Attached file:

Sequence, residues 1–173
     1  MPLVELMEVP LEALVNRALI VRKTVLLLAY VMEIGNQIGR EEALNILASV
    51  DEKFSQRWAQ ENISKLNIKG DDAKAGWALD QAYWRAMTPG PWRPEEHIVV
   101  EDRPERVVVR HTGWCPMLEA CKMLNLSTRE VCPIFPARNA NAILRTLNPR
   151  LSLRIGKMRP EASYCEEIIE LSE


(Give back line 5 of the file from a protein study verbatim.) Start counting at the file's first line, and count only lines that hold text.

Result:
   151  LSLRIGKMRP EASYCEEIIE LSE